Online streamers such as Netflix, Disney Plus and Prime Video will soon have to meet minimum standards when it comes to producing local content.
Details on the emerging policy are light thus far, with Tony Burke, minister for the arts, revealing over the weekend simply that the streaming services will have Australian content obligations.
“It’s been 10 years since the last National Cultural Policy. During that time online streaming platforms have taken off, but our Australian content obligations haven’t, I know we can do better,” he said online over the weekend.
Burke then provided more details and a timeline today as part of the Labor Government’s National Cultural Policy Launch.
“The timeline is now locked in,” he said. “The consultation work… begins in earnest now.”
Legislation will be introduced to Parliament in the second half of this year and Burke said by July next year “Australian content obligations will apply to the streaming companies”.
Local content quotas for streamers has been a hot-button issue for the screen sector for years.
Television networks are required by legislation to screen 55% Australian content between 6:00a.m. and midnight on their primary channels. In addition, on their non-primary channels, such as 7Bravo, 9Gem and 10 Bold, there must be 1,460 hours of Australian content per year which screens between 6:00a.m. and midnight.
The streamers, meanwhile, have no such obligation.
Last year, a war of words erupted between the local screen sector and the streamers after a number of claims were made by both sides.
In September, Stan, Netflix, Amazon Prime Video, Disney Plus and Paramount Plus released the “Streaming for Australia” report, which was their collective attempt to argue that they make a meaningful cultural and economic contribution to Australia’s creative economy without the need for local content quotas.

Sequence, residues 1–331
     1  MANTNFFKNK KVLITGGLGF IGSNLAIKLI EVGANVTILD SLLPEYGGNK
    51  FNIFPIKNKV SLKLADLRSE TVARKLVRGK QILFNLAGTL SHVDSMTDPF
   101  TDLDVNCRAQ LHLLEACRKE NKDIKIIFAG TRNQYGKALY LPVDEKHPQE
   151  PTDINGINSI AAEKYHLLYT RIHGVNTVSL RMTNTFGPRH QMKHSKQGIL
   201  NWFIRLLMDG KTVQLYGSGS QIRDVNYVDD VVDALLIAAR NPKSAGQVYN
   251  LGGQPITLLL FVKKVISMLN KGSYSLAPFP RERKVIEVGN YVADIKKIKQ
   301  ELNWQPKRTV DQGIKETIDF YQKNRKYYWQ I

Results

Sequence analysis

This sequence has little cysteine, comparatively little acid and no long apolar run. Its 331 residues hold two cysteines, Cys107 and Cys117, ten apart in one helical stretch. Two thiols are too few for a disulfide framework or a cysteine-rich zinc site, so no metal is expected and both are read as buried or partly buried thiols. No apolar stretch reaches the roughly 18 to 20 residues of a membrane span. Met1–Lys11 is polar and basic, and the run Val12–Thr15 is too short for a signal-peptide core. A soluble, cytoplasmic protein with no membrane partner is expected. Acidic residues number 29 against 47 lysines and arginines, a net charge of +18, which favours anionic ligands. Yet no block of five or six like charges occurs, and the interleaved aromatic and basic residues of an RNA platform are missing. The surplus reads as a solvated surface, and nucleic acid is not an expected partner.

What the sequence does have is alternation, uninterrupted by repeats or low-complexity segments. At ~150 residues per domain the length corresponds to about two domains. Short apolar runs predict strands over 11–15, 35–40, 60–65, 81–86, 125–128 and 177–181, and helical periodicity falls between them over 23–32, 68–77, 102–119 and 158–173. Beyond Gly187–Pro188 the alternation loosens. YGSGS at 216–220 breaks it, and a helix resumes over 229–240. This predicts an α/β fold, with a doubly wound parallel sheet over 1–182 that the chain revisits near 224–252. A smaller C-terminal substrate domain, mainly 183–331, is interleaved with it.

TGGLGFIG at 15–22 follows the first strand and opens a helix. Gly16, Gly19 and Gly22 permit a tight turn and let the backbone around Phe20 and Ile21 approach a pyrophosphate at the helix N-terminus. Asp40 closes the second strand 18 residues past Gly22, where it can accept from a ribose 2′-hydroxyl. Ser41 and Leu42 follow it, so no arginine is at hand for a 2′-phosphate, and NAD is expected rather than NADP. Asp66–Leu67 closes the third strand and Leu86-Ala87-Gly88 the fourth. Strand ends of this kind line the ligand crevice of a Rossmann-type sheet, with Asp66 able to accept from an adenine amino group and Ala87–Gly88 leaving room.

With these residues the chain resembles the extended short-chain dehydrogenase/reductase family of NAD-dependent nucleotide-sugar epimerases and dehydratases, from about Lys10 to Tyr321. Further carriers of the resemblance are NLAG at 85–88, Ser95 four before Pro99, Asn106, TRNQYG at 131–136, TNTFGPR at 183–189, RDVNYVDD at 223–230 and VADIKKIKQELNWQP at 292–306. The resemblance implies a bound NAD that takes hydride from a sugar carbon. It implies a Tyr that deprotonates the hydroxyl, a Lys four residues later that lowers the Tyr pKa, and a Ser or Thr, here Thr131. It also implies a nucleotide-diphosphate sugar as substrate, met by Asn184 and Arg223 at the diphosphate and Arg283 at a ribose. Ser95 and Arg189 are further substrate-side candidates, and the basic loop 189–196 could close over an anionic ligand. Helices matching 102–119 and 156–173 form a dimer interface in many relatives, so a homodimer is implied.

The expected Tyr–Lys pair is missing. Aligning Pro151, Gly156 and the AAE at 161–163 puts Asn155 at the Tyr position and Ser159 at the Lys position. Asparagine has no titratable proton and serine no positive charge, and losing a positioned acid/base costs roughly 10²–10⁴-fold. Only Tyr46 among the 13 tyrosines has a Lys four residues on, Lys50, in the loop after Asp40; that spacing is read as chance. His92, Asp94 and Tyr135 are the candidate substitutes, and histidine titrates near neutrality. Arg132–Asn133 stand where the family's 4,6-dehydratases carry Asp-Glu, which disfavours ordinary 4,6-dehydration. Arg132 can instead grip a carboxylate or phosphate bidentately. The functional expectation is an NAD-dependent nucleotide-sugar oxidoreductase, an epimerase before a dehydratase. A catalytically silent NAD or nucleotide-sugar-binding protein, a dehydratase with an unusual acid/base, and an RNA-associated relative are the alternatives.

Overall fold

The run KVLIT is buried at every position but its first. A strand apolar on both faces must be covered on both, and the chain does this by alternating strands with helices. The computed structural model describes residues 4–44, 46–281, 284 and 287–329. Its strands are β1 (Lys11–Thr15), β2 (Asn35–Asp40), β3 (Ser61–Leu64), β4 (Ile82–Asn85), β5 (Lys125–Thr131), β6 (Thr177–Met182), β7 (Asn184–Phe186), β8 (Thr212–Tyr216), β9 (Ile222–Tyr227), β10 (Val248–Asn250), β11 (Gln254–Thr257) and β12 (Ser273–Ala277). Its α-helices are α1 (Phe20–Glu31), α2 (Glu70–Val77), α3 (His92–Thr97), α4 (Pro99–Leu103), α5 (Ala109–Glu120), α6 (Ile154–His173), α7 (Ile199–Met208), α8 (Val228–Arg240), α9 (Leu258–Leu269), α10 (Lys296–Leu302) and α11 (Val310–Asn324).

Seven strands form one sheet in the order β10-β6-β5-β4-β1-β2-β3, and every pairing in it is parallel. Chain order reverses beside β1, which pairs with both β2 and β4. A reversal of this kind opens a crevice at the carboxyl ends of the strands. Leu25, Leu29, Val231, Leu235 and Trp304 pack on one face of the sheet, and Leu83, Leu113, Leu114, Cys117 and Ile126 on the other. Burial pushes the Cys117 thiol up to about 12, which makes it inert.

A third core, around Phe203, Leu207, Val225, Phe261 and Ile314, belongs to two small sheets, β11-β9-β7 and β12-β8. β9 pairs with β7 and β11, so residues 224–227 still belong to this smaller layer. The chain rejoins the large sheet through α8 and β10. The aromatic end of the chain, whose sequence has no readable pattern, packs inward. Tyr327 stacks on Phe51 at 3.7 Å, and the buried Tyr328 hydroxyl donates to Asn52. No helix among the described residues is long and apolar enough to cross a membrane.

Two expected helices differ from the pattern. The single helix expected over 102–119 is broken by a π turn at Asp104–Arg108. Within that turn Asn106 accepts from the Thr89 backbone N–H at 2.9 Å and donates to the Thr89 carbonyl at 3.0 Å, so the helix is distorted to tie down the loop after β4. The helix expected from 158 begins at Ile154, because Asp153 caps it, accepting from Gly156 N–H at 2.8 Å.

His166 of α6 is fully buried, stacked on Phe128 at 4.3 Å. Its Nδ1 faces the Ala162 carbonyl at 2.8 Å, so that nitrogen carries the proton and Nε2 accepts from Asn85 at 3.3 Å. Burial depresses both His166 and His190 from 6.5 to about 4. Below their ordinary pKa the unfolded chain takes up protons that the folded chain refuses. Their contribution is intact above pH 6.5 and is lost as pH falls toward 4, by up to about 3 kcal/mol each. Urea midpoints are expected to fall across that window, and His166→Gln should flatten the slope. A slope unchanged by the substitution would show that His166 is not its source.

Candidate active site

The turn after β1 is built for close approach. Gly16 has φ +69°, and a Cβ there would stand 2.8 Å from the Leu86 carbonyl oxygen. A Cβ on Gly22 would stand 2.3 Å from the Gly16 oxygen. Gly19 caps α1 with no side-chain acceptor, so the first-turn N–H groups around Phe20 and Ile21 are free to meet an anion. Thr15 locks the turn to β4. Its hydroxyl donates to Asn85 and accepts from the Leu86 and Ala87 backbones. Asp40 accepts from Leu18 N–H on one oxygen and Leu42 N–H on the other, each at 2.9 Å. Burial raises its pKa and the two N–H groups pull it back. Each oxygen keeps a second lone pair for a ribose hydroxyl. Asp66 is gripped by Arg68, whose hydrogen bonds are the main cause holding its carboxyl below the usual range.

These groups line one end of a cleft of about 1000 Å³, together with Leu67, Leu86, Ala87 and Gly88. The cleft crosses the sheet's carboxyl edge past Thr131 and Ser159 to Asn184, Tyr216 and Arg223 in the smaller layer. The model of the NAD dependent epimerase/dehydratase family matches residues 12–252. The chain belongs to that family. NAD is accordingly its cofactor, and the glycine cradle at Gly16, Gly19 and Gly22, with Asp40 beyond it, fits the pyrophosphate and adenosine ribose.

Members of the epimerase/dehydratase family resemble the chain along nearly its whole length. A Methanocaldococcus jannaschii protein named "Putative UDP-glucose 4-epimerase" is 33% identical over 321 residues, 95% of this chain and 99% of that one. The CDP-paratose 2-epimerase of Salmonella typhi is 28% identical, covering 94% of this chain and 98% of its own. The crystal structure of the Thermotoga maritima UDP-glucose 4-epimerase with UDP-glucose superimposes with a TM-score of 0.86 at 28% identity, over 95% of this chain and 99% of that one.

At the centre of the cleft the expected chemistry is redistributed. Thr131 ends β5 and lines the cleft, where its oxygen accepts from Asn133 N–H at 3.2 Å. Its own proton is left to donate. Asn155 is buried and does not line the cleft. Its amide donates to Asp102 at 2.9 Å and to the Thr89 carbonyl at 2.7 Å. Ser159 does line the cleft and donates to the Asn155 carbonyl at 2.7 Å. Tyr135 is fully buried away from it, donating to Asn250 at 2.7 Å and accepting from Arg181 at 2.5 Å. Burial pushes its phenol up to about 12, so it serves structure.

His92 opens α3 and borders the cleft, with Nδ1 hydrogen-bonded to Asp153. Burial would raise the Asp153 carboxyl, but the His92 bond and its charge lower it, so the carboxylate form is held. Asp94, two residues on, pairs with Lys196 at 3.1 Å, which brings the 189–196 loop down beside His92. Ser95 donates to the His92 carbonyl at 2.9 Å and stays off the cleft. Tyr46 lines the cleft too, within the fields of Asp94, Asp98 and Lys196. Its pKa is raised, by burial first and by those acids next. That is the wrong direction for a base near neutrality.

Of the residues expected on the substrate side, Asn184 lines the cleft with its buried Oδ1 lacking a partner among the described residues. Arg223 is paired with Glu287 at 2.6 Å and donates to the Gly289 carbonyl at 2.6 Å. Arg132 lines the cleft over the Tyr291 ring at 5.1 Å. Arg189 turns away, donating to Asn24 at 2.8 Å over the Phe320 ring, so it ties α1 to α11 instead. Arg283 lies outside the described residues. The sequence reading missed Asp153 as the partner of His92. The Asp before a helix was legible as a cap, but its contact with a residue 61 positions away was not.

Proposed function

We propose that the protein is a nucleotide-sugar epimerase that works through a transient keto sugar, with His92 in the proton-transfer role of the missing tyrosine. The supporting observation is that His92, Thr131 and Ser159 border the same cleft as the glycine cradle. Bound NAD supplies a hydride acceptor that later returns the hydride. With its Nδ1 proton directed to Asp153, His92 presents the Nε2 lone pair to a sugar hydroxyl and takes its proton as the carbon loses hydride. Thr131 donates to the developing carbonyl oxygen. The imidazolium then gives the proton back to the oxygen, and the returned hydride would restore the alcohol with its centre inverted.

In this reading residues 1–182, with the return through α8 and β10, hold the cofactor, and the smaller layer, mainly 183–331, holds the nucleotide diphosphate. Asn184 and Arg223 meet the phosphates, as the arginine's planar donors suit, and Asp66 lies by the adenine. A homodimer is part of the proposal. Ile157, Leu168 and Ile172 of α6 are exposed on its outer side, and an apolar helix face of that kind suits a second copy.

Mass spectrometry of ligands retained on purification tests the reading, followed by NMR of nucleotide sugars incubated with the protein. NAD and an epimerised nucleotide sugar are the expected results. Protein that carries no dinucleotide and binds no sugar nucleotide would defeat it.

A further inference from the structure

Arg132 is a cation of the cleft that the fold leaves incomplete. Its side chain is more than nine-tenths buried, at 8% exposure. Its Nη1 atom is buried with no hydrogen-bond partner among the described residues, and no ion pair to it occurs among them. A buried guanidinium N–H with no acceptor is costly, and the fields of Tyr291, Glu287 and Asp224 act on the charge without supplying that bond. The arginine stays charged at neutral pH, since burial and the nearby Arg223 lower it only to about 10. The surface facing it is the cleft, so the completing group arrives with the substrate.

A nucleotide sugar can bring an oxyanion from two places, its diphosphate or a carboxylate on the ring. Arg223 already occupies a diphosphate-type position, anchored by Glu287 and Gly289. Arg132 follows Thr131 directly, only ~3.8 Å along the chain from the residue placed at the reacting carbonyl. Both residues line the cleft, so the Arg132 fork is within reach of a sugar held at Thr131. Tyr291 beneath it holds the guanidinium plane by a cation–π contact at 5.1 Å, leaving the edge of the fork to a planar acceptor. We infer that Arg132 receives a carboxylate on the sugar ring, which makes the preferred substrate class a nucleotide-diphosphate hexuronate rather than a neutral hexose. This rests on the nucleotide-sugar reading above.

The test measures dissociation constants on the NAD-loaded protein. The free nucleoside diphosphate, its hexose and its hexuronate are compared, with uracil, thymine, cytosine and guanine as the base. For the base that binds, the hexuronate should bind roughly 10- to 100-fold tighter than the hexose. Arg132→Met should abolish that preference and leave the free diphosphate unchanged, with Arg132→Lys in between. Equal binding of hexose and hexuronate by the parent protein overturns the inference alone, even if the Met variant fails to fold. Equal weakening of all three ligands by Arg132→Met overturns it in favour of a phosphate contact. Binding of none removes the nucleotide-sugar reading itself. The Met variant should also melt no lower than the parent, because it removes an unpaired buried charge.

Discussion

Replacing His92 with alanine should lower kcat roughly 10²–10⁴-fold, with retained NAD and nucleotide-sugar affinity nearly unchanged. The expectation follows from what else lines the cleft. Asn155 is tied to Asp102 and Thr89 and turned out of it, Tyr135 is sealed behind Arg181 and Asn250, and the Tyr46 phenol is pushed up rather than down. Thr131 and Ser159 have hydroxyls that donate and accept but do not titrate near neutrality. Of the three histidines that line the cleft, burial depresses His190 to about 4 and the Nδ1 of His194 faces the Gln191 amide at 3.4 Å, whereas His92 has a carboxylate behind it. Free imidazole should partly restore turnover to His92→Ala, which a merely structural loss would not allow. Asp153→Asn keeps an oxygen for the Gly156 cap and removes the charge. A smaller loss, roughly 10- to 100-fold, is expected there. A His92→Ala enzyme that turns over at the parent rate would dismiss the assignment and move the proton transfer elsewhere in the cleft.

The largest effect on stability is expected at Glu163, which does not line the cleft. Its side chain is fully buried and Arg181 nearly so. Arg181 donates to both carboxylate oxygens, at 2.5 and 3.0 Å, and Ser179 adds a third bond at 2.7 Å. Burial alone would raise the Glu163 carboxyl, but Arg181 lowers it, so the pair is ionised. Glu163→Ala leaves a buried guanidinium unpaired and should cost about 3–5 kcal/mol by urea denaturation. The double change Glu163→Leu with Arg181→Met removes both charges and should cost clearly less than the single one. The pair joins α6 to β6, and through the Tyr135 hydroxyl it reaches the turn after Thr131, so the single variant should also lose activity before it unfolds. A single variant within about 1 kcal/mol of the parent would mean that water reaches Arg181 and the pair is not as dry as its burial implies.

In the report, they said “regulatory intervention by government only makes sense when there is a problem to solve”. They also warned that regulation risked distorting the sector and could lead to “unintended consequences”.
This claim poked the bear that is Screen Producers Australia (SPA), which then released its own “Facts and Myths Document”.
“It is important to have the facts in this debate and not be frightened of the mysterious ‘unintended consequences’ to any legal shifts,” SPA CEO Matthew Deaner said at the time.
“The fact is, this regulation is well overdue.”
Over the weekend, Deaner said the new looming legislation was exciting and “very welcome news for the screen industry”.
“If done right, this will not only secure our industry, but also mark the start of a cultural resurgence in bringing Australian screen stories to audiences here and abroad. That is an incredible legacy to build for the nation,” he said.
“The release of a new National Cultural Policy is a landmark event for Australia’s creative industries, and SPA congratulates Minister Burke and all involved in the development of this.”